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Astronomers capture first image of a black hole

The Event Horizon Telescope (EHT) -- a planet-scale array of eight ground-based radio telescopes forged through international collaboration -- was designed to capture images of a black hole. On Wednesday, April 10, 2019, in coordinated press conferences across the globe, EHT researchers revealed that they have succeeded, unveiling the first direct visual evidence of a supermassive black hole and its shadow. This breakthrough was announced in a series of six papers published in a special issue of The Astrophysical Journal Letters. The image reveals the black hole at the center of Messier 87, a massive galaxy in the nearby Virgo galaxy cluster. This black hole resides 55 million light-years from Earth and has a mass 6.5-billion times that of the sun. The National Science Foundation (NSF) played a pivotal role in this discovery by funding individual investigators, interdisciplinary scientific teams and radio astronomy research facilities since the inception of EHT. Over the last two decades, NSF has directly funded more than $28 million in EHT research, the largest commitment of resources for the project.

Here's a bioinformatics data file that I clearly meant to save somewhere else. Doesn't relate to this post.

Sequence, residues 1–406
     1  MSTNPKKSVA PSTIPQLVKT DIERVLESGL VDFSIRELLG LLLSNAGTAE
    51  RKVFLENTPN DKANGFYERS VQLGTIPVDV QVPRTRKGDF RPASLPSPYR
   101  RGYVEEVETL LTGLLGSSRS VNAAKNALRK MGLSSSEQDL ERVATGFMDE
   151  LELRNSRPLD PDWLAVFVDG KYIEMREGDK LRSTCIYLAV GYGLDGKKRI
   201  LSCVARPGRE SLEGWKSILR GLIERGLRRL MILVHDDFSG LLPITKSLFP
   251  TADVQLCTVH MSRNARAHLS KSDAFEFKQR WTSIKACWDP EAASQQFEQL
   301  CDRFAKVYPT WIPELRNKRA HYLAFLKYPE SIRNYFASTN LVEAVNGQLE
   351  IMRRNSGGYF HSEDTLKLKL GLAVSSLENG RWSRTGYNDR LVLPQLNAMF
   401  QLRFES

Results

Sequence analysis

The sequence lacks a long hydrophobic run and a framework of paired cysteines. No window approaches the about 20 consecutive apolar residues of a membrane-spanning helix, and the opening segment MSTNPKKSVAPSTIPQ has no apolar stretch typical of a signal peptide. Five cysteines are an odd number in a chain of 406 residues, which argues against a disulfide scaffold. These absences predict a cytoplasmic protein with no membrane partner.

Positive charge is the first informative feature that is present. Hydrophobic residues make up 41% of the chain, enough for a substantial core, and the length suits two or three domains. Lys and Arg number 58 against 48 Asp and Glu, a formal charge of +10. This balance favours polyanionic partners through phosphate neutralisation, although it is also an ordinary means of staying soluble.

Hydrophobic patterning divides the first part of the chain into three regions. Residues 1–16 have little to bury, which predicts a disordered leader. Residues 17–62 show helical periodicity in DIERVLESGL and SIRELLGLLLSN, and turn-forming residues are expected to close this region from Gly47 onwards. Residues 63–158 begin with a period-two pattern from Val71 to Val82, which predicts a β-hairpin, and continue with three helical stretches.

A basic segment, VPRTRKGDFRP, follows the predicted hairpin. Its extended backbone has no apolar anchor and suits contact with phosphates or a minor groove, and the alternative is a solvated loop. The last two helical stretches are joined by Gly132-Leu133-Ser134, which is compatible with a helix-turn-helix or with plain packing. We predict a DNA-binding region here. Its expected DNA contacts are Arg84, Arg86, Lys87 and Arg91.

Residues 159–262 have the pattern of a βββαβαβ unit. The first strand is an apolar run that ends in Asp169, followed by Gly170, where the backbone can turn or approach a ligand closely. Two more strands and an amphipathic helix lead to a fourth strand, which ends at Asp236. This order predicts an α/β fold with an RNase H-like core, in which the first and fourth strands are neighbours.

Visit Website | Image credit: Event Horizon Telescope collaboration et al.